Clinical phase about to begin

Blog Post Date: Wednesday 29 July 2020

In the early morning of 24 July IDT Biologika filled the second clinical batch of the newly-developed vaccine candidate against the coronavirus SARS-CoV-2 in Dessau. Now around 1,000 individual vaccine doses with the highest intended dosage level are to be inspected, tested in quality control, labelled and packed before being sent to Hamburg. There the study of clinical phase 1 begins at Universitätsklinikum Eppendorf (UKE), with the presentation of all official approvals and the agreement of the ethics commission. In a total of three phases the safety, dosing, effectiveness and tolerability will be examined over the course of the coming months.

“We are delighted that we have succeeded in developing a vaccine in such a short time, which is now ready for the clinical test phases,” says CEO Dr. Jürgen Betzing. “Our employees have put in an enormous amount of effort over the past few months to get the development of the vaccine and filling up and running. The path that we are now taking will also aid us in future battles against pandemics. Experience shows that in drastic situations we are capable of responding swiftly in joint interaction with partners and a global network,” emphasizes Dr. Betzing.

During production, the vaccine filling process can only be viewed from behind the glass pane. Employees Bjoern Dalichau and Andreas Mueller prepare the line for the filling of the SARS-CoV-2 vaccine candidate.

In the past months scientists at the German Center for Infection Research (DZIF) and partners IDT Biologika, LMU Munich, Marburg University and the UKE Hamburg have been working flat out to research a new vaccine against SARS-CoV-2. Intensive collaboration and an international network of experts together with the expertise of all partners and experience gained in previous joint projects enabled development to occur in record time and in strict observance of the German health protection requirements of the potential recipients. The aim of the alliance is to make safety and probability of effectiveness the utmost priority. Virologist and Chief Science Officer Dr. Andreas Neubert expects different vaccines to be required for different target groups. The vaccine candidate currently entering the clinical phase is a so-called vector vaccine. For this, genetically-altered and harmless viruses are equipped with genetic information from the coronavirus as carriers. The viruses are not capable of reproducing, but the gene information smuggled in tricks the immune system into identifying an infection and triggering the production of antibodies and a cellular immunity.

The vector vaccine filled at IDT was developed under the leadership of Prof. Gerd Sutter, virologist at LMU Munich, at the DZIF and is based on the “Modified Vaccinia Ankara Virus“ (MVA), which was developed as a vaccine against smallpox over 30 years ago. It has also been used successfully and with very good tolerability in the development of a vaccine against the MERS coronavirus, which occurs on the Arabian peninsula, is transmitted from dromedaries to humans with often fatal consequences and is closely related to SARS-CoV-2.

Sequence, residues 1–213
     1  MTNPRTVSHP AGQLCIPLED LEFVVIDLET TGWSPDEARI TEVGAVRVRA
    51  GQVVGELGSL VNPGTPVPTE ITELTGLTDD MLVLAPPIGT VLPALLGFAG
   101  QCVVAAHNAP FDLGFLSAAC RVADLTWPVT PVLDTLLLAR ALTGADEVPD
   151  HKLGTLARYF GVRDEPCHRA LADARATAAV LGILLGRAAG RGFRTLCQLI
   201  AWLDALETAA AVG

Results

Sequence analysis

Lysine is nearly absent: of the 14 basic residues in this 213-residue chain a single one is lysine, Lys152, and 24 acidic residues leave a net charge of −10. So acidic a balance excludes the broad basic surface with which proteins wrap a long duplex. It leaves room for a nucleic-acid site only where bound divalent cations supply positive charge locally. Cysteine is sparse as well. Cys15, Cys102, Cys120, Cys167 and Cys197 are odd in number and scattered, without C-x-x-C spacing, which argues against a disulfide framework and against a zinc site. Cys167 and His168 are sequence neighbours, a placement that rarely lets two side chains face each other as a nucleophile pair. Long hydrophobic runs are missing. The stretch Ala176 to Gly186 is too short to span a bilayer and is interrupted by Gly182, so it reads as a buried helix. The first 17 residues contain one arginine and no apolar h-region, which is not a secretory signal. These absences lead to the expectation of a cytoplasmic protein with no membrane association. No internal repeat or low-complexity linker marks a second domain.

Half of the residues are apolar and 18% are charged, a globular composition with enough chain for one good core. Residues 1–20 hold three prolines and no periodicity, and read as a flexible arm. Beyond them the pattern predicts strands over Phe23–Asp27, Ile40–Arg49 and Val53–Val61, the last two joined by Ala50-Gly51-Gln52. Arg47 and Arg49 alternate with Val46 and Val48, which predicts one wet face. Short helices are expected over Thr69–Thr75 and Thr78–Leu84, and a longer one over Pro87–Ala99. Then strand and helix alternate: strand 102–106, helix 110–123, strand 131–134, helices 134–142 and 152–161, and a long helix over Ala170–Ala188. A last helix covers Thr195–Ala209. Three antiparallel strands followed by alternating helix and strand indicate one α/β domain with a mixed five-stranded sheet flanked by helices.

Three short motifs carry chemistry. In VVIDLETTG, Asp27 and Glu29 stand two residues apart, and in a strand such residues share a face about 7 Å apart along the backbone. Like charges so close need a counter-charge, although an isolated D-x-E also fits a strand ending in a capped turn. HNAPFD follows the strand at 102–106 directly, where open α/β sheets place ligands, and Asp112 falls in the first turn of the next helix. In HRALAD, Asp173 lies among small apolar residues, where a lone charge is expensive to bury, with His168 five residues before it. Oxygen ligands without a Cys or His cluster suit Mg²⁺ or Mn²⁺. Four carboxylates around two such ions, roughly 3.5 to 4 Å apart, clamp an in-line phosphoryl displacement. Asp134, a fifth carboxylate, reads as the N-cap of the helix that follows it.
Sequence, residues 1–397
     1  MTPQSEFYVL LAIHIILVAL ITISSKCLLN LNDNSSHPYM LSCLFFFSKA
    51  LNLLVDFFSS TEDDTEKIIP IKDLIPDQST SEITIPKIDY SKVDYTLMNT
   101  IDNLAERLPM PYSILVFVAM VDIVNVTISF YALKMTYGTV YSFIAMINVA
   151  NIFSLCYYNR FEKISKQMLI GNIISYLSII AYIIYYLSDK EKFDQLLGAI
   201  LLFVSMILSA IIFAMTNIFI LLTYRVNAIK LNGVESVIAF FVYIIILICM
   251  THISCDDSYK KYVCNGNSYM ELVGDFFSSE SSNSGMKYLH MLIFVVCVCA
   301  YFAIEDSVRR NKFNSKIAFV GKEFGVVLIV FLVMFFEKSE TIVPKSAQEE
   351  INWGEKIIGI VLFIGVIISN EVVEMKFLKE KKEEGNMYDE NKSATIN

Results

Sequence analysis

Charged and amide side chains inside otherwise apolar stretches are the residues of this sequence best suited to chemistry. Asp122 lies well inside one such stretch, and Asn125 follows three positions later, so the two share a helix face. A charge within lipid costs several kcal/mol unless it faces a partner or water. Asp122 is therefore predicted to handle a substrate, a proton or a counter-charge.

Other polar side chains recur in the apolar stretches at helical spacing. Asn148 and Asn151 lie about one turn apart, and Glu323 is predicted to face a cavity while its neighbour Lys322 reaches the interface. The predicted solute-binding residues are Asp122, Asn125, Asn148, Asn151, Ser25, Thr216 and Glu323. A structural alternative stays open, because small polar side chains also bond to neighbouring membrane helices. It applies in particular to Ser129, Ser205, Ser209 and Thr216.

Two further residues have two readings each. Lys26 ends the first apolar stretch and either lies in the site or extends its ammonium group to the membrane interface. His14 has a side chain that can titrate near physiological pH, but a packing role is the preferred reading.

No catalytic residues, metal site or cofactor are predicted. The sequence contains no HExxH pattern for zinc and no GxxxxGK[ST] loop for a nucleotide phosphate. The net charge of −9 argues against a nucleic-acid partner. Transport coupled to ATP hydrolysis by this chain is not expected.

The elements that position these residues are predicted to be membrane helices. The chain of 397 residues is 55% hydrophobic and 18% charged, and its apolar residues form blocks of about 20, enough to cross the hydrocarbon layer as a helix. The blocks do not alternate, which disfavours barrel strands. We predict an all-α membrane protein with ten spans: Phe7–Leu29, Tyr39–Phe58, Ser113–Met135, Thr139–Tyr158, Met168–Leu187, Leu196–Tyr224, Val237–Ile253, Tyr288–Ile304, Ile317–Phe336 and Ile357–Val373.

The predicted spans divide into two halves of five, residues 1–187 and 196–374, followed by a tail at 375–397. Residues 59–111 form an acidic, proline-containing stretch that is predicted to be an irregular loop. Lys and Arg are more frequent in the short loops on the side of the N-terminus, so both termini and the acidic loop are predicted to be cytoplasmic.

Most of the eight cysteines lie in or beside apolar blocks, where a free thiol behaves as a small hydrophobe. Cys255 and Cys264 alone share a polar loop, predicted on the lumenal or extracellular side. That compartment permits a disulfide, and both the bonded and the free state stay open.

An individual dose of the filled SARS-CoV-2 vaccine candidate. Now the injection bottle is given a visual inspection, labelled and packed before leaving the site.

As with the manufacturing process for the MERS vaccine, which was developed by IDT Biologika, the expertise of the family-run company in Dessau was called for to advance the vaccine candidate from work under laboratory conditions to the prospective production of millions of vaccine doses. Based on nearly 100 years of experience in the development and approval of viral and bacterial vaccines, IDT Biologika developed a cell line and a procedure that enabled the large-scale production of an ultrapure MVA vector vaccine, clearing one of the greatest obstacles in vaccine development. Parallel to this, LMU Munich solved the challenge of producing stable MVA vectors. As all previous experience pointed to extremely good tolerability between the IDT cell technology and the MVA vector of the LMU, the most important prerequisites for a safe and effective vaccine have been met.

Prior to the approval process, the clinical study now aims to demonstrate how effective it actually is, how many vaccinations are required, whether and for how long immunity is triggered and what side-effects may occur. “We have filled the vaccine candidates in low and high concentrations of the active ingredients, so that we can determine the right dosage for the future vaccine,” Dr. Neubert explains. In phase I the vaccine will be tested at UKE Hamburg in a first stage on healthy volunteers aged between 18 and 45, who were selected from thousands of applicants. Whilst the safety of the vaccine is the primary focus of the study, the second phase investigates the dosage, tolerability and effectiveness of the preparation with hundreds of volunteers.

In the coming months IDT Biologika aims to continue working with its partners to swiftly bring the vaccine candidate against SARS-CoV-2 into the next clinical phases.